The High Court in Pretoria erred in April when it ruled that President Jacob Zuma should face the charges outlined in a 2009 indictment, the NPA argued on Friday.
“With respect, the court went too far in saying that he should face charges in the indictment,” the National Prosecuting Authority’s lawyer Hilton Epstein told Judge Aubrey Ledwaba.
Epstein explained that once the corruption case against Zuma was struck off the roll in 2009, it was up to the National Director of Public Prosecutions to decide which charges it wished to reinstate or drop.
The NPA and President Jacob Zuma’s lawyers are applying for leave to appeal the court’s ruling that the 783 corruption charges against Zuma be reinstated.
On April 29, after a seven-year battle by the DA, the court ruled that the decision to discontinue the prosecution against Zuma should be reviewed and set aside. At the time, Ledwaba said then-NPA head Mokotedi Mpshe acted irrationally after coming under pressure.
On April 6, 2009, Mpshe said transcripts of telephone conversations between then-Scorpions boss Leonard McCarthy and former NPA boss Bulelani Ngcuka showed political interference in the decision to charge Zuma.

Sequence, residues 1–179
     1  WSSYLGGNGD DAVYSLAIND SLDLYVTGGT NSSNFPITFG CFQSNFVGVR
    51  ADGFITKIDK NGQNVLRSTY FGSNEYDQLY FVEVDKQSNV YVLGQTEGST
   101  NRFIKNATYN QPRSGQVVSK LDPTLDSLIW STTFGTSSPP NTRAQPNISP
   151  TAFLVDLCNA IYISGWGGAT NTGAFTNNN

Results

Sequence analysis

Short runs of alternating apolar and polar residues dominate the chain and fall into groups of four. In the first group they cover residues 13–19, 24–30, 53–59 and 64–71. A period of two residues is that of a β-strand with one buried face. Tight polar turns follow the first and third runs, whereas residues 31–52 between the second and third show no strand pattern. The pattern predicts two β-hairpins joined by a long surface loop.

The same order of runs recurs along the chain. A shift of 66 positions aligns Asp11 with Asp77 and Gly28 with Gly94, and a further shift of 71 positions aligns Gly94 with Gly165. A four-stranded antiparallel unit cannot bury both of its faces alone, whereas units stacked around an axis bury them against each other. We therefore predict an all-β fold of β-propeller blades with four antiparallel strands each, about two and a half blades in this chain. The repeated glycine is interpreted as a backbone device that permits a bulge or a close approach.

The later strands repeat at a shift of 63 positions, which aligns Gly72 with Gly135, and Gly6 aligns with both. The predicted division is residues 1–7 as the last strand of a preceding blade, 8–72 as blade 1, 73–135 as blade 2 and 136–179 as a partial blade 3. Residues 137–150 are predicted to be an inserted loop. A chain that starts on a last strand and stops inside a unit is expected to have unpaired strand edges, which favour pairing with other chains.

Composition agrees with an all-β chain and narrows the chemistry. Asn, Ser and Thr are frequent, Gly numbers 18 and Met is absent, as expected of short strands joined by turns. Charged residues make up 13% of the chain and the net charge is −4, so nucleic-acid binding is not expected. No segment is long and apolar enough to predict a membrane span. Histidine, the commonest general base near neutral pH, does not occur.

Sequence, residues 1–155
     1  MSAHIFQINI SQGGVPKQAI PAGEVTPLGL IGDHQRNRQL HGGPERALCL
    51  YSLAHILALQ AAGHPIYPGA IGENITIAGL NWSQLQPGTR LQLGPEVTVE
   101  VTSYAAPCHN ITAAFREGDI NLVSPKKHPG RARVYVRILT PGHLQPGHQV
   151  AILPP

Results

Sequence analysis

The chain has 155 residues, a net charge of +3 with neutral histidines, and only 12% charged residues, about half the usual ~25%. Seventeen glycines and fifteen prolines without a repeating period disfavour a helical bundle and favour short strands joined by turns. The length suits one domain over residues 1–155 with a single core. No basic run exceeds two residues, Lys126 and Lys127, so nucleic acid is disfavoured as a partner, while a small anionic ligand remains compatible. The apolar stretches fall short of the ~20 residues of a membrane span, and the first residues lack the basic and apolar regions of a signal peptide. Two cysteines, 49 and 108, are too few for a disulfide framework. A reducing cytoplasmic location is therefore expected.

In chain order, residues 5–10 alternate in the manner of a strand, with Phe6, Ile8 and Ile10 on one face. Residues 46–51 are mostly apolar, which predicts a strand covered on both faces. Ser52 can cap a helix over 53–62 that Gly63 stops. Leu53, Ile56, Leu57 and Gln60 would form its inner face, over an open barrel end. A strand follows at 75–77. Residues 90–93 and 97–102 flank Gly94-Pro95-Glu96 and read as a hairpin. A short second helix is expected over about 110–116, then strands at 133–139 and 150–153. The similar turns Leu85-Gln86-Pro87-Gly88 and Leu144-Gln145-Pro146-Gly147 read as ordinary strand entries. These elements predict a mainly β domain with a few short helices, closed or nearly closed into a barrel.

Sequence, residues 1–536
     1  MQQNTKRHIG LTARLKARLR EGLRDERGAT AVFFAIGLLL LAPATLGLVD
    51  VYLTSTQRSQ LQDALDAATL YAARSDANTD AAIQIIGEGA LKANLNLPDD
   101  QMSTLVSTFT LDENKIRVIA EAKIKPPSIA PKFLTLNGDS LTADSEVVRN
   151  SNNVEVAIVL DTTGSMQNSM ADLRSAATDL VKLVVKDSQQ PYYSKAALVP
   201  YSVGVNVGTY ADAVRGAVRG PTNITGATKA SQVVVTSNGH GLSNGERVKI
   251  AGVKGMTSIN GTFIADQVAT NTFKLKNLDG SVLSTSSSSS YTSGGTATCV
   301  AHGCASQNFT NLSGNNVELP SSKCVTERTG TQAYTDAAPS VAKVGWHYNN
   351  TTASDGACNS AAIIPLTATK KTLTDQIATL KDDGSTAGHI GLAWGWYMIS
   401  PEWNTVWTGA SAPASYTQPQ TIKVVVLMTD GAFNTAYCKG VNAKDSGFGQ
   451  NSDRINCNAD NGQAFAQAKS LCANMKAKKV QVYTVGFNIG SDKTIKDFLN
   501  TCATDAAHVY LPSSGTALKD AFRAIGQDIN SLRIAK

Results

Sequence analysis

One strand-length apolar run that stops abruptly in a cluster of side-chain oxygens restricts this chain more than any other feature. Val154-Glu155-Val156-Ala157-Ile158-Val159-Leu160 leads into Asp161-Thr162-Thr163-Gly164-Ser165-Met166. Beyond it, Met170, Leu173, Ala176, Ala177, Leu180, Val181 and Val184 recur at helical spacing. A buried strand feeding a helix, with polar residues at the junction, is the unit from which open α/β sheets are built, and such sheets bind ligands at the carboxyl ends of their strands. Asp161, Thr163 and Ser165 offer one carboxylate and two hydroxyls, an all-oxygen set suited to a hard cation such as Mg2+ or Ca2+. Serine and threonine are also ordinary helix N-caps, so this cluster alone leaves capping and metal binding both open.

The charges were withdrawn in the High Court in Durban on April 7, 2009.
Epstein said the NPA’s appeal had a reasonable prospect of success. He argued that Mpshe would have acted in bad faith if he had continued the prosecution, knowing there had been an abuse of the prosecution process.
He said Mpshe had the right to change his mind after having received information which compelled him to overturn his decision to prosecute.
“What is established here is that the decision that he took was based on untested allegations,” Ledwaba said.